3-5 St John Street – William Harris

These glorious buildings are at the south end of St John’s Street. This is the view looking north from the Smithfield Meat Market, Central Avenue.

3-5 St John St EC1, 18th March 2022 3:30pm, in Sketchbook 11

It’s a busy corner. I tried to show some the street life: couriers cycling, people sitting at the café, and people, like me, standing and looking. A little further up St John Street, on the right, is construction work.

There was a blue sky as I drew. But do not be deceived: it was cold, as you see from the person on the right, hunched under their coat.

Here is a work-in-progress photo and a map:

This is an ornate buildings: lots of fluting and complicated brickwork. Who thought all that was a good idea? Who could afford it? Number 1, on the left, slightly more restrained, was built for a Frederick Goodspeed, a grocer, in the mid 1880s. The architect was S.C. Aubrey. (reference 1 below)

Numbers 3-5, the building on the corner, has chimneys with all kinds of complicated brickwork, and a highly decorative frontage onto Smithfield. It was built in 1897 for William Harris, the “Sausage King”. He was a sausage manufacturer, and proprietor of a chain of restaurants specialising in sausage and mash. Mr Harris was evidently quite a character. He named all his three sons William, and all his four daughters Elizabeth (reference 2 below). This may have had practical problems, but it meant he and his sons could have fun with the Magistrates:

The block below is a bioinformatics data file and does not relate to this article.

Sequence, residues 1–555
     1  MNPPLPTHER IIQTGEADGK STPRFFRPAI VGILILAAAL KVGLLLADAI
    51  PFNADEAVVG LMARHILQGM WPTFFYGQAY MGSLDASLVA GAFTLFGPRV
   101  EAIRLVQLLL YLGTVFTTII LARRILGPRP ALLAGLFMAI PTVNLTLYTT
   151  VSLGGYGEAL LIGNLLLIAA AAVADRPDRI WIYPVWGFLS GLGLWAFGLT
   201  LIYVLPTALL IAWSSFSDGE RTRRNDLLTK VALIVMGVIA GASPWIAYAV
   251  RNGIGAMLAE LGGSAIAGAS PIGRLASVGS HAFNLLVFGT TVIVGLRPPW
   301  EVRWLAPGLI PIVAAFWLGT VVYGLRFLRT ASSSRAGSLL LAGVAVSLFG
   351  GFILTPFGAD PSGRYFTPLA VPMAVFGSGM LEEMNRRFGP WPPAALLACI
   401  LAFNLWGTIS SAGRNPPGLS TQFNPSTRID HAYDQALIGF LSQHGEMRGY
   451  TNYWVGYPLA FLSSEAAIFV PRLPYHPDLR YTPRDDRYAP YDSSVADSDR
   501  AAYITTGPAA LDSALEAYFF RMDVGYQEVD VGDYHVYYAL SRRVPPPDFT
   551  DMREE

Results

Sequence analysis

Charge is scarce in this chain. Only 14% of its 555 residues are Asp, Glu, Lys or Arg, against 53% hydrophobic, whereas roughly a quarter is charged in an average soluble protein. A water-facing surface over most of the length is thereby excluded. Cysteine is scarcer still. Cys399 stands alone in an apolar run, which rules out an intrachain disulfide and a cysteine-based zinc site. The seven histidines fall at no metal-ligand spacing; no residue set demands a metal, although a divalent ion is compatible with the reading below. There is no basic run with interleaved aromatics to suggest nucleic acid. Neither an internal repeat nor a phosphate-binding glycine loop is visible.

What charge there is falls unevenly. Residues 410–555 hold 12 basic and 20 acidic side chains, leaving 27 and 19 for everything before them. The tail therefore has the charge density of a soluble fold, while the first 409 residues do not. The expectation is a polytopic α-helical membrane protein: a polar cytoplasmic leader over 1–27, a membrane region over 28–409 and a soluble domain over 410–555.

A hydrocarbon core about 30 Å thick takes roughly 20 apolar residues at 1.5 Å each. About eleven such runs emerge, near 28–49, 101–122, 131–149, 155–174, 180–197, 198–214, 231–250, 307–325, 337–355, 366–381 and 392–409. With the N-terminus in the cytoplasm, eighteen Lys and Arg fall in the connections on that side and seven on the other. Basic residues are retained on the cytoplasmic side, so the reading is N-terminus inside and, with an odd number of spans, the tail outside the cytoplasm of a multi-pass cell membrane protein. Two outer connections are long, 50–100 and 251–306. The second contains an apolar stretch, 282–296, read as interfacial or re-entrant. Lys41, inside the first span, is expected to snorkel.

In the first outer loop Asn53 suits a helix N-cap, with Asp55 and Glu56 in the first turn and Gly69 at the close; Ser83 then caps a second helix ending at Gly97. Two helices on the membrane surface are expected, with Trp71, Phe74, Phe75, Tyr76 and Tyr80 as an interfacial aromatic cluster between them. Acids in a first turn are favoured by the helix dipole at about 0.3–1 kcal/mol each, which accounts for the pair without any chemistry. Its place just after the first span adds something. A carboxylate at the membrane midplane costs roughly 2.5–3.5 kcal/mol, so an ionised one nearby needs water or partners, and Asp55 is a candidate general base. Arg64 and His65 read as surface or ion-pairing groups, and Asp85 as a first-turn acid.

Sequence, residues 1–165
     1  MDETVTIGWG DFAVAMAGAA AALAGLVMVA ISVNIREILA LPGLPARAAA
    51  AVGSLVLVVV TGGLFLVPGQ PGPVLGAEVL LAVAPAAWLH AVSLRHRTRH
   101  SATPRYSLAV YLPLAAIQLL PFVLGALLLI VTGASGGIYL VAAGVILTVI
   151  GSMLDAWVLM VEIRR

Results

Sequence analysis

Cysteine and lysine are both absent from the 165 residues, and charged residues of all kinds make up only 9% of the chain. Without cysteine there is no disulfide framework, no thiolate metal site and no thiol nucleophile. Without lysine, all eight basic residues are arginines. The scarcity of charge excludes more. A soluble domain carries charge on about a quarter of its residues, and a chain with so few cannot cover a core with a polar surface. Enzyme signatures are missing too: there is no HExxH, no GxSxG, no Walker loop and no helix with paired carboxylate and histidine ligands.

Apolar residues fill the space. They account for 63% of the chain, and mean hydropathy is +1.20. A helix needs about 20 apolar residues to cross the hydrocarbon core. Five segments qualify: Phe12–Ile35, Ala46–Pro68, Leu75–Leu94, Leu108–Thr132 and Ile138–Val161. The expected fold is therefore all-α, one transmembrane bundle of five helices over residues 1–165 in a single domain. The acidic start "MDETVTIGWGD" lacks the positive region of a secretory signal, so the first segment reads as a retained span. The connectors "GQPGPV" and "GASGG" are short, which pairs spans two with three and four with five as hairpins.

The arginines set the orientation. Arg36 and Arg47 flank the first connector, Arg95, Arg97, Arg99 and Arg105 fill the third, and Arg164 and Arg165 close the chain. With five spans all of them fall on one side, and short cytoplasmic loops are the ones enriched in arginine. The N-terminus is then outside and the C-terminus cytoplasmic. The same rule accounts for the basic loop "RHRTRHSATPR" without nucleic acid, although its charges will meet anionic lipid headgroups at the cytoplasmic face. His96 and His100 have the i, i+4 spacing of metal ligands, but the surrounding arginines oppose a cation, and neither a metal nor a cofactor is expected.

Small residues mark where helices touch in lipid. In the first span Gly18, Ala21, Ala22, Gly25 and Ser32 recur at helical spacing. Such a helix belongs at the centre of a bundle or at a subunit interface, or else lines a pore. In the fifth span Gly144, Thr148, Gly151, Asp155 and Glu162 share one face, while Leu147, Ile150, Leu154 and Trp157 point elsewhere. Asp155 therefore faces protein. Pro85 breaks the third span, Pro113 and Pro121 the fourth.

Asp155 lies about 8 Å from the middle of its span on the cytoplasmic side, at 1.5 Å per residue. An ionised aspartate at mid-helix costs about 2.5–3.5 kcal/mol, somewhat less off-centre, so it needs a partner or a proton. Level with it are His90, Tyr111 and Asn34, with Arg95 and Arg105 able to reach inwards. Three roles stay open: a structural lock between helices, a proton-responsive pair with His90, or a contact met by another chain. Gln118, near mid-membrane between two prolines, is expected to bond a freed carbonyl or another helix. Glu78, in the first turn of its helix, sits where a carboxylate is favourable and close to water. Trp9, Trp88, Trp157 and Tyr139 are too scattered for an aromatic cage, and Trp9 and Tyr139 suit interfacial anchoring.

Woolwich Gazette – Friday 10 November 1905 from “https://www.britishnewspaperarchive.co.uk”

The “Sausage King” was somewhat eccentric, but this was to a large extent due to his love of “personal advertising,” which was his motto for business success. At all times of the day he wore a sort of evening dress, with an opera hat, and a blazing diamond in his white shirt, even when buying in the market, and he used not a scrap of writing or wrapping paper that did not bear his photograph. His trade mark, which he registered about forty years ago, depicts him winning the “Pork Sausage Derby” on a fat porker. His principal catch-phrase was “Harris’s sausages are the best,” and it spread the fame of his sausages all over the world. He also composed a lot of poetic advertisements, which caused much amusement.

This snippet from “London Standard, via the Montreal Gazette, 3 May 1912” reporting his death (reference 2).

He died in April 1912, leaving a considerable fortune. His death was reported far and wide, including papers in many parts of England and Ireland.

London Evening Standard – Thursday 06 June 1912 from “https://www.britishnewspaperarchive.co.uk”.

Note the reference to “William Harris No. 2”, that is, his second son, to whom he left all his property. I wonder what all the other sons thought – and the four daughters?

I am glad that the flamboyant house of this extraordinary man still stands. The architect was Francis John Hames, who also designed Leicester Town Hall. So you see what kind of league Mr Harris was in.

Reference 1: Thanks to British History Online who alerted me to The Sausage King: ‘St John Street: Introduction; west side’, in Survey of London: Volume 46, South and East Clerkenwell, ed. Philip Temple (London, 2008), pp. 203-221. British History Online http://www.british-history.ac.uk/survey-london/vol46/pp203-221 [accessed 8 April 2022].

Reference 2: The piece from the Montreal Gazette is online at https://charlespearce.org/people/william-harris.html

I have drawn extensively in this area, both in St John St and around the meat market.

Here are my drawings of and around Smithfield meat market:

Bristol – Jacobs Wells Road Dance Centre and former baths

Here is the Bristol Community Dance Centre on the Jacobs Wells Road.

Bristol Community Dance Centre, Jacobs Wells Road. 12:15, 23rd March 2022 in Sketchbook 11

This is building is special for me. Here I learned how to stand up straight, and I learned where my feet were. Or rather, I learned how to learn those physical things, or I learned that they could be learned. My teacher was a dancer, Helen Roberts.